June 16, 2010

Soup to Nuts: The early bird
gets the berries

Be warned: Strawberry season is about two weeks ahead of schedule, so if you’ve a jones’n for a shortcake or other berry-based treat, think fast.

Strawberry lovers, David Handley has a message for you: “Don’t wait.”

click image to enlarge

Local Strawberry Shortcake, created by pastry chef Bill Leavy, is a popular dessert at Back Bay Grill in Portland when the fruit is in season.

Derek Davis/Staff Photographer

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Dean’s Sweets’ chocolate-dipped strawberries.

Courtesy photo

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Some berry picks from local chefs

Fresh Maine strawberries have already started appearing on restaurant menus in Portland. They’re being blended with ice cream and dipped in luscious chocolate. Here’s a look at some of the ways the city’s chefs and other food purveyors are using the berries:

• At Five Fifty-Five, 555 Congress St., chef  Steve Corry has just added a salad to the menu called “chocolate, strawberries and champagne.” The new dish contains baby arugula, local strawberries, chocolate croutons, house-crafted ricotta cheese and champagne vinaigrette. Look for a new dessert as well: black pepper shortcake, lemon-mascarpone cream and balsamic-soaked local strawberries.

The restaurant also has a “strawberry gin fizz” drink special featuring gin infused with strawberries from Maxwell’s Farm in Cape Elizabeth, sweetened syrup and fresh-squeezed lemon juice topped with soda water.

• At Maria’s Restaurant, 337 Cumberland Ave., chef Tony Napolitano was inspired by his grandmother Lina’s recipes to make a semifreddo (semifrozen) dessert called Tortoni Lina. The fresh cherries in his grandmother’s version have been replaced with fresh local strawberries. House-made pine nut praline is mixed in with the partially frozen, nougatty tortoni. Napolitano says his daughters are hooked on the dessert.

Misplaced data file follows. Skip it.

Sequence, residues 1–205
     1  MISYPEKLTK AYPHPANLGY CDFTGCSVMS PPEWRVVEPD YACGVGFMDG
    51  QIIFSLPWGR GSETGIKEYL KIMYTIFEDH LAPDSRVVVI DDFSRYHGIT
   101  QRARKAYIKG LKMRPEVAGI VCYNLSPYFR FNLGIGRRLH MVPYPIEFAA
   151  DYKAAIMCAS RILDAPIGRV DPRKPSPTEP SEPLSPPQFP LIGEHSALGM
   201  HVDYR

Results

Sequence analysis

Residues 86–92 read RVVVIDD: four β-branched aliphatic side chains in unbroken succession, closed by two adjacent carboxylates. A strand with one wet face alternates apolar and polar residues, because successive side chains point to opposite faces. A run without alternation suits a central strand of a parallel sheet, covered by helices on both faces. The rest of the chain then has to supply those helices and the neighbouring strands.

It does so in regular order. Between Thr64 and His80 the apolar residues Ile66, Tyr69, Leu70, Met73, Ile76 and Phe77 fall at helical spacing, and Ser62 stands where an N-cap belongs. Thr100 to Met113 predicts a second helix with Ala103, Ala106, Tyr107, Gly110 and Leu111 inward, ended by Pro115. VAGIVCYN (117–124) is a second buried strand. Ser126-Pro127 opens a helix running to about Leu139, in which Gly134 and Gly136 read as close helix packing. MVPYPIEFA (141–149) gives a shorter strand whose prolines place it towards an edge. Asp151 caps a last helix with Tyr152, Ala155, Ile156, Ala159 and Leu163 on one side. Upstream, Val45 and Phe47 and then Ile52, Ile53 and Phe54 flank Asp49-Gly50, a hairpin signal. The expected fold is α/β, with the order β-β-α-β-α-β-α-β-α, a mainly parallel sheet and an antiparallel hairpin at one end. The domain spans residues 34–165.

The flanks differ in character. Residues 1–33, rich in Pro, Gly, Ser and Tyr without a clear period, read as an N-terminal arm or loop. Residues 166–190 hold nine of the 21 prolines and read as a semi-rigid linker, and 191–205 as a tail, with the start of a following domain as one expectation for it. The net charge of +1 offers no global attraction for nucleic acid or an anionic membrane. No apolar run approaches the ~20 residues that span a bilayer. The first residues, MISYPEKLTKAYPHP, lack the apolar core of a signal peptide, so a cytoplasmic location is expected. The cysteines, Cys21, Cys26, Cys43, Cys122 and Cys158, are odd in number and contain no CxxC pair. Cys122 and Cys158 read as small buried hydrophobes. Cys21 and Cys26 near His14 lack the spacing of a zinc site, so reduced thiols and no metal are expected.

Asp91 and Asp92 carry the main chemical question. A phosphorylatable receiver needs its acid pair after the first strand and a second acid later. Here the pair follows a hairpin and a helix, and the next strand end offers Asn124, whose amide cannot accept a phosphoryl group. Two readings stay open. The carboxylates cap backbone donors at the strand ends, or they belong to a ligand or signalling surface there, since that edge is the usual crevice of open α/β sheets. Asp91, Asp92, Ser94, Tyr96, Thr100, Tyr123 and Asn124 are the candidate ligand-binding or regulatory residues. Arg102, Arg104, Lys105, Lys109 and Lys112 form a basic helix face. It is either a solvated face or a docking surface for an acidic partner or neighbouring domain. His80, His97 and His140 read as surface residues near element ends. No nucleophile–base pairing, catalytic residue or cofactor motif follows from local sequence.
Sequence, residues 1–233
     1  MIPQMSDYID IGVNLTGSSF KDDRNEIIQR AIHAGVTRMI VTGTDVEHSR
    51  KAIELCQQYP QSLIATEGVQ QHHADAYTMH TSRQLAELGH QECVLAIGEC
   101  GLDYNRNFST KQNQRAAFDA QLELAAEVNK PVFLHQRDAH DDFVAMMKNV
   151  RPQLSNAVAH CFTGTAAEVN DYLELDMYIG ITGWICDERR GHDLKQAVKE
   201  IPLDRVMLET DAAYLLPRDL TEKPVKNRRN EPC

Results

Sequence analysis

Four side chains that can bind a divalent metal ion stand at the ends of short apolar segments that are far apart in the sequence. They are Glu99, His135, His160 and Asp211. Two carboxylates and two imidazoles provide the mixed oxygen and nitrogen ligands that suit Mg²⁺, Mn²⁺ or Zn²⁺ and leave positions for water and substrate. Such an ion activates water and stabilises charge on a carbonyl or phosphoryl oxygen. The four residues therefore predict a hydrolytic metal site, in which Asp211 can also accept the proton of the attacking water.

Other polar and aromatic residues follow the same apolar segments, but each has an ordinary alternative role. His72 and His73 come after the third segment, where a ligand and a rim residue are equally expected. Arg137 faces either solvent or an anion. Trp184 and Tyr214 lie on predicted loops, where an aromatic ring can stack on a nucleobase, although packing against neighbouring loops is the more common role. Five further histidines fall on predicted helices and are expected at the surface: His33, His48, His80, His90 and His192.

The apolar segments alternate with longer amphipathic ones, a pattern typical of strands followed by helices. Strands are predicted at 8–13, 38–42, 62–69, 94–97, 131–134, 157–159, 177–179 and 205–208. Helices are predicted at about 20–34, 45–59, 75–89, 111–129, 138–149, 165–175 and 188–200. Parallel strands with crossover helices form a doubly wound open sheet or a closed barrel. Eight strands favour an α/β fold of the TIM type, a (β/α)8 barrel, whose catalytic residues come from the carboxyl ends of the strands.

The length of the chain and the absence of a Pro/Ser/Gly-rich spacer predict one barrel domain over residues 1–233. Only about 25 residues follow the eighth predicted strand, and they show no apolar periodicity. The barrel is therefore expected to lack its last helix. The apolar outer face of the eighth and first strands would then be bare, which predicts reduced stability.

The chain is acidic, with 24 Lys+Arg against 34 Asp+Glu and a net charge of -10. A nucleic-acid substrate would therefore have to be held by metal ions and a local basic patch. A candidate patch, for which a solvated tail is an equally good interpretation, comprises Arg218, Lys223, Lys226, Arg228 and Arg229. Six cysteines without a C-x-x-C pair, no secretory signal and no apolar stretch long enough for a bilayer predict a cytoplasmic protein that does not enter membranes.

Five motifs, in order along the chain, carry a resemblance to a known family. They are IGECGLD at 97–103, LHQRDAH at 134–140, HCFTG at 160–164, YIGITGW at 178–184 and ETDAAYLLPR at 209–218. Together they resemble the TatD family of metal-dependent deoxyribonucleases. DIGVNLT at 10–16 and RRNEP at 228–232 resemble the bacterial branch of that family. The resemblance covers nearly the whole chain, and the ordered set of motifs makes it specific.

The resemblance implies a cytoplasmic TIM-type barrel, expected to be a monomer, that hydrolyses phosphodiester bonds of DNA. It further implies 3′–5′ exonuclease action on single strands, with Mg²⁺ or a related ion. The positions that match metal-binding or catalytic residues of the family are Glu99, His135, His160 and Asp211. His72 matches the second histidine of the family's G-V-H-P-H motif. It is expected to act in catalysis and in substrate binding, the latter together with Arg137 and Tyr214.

Maria’s is also serving fresh strawberries as an appetizer with slivers of  Parmigiano Reggiano cheese, drizzled with aged balsamic vinegar.

Sonny’s, 83 Exchange St., has been running a salad special that contains all local foods, including strawberries. It includes arugula from Freedom Farm, strawberries from Maxwell’s, goats’ milk queso blanco from Sunset Acres and a rhubarb and tomato vinaigrette made with rhubarb from Jordan’s Farm and tomatoes from Olivia’s Garden.

• At Ribollita, 41 Middle St., look for chef Kevin Quiet’s dessert of local strawberries with a balsamic zabaglione and crumbled biscotti.

• There’s nothing like a strawberry milkshake in summertime. Whole Foods Market, 2 Somerset St., will be offering a local strawberry shake special this week in its cafe.

• Watch for classic chocolate-dipped strawberries at Dean’s Sweets, 82 Middle St. Owner Dean Bingham hand-picks the berries daily to ensure freshness, then hand-dips them in fine, 70 percent cacao, bittersweet Belgian chocolate.


This simple recipe for Strawberry-Mint Aid comes from chef Joe Kenney of the French Press Eatery at 855 Main St. in Westbrook:

1 quart strawberries
1 cup sugar
1 cup water

Put ingredients in a pot and simmer until strawberries are totally broken down. Puree and strain.

Mix by the glass, or pitcher for a group. For a 16-ounce glass, muddle 2 ounces of strawberry puree, 2 mint leaves and a little sugar. Add 9 ounces of warm water and mix. Fill the remaining space in the glass with ice, preferably crushed ice. If you make it ahead, don’t add the ice until just before serving.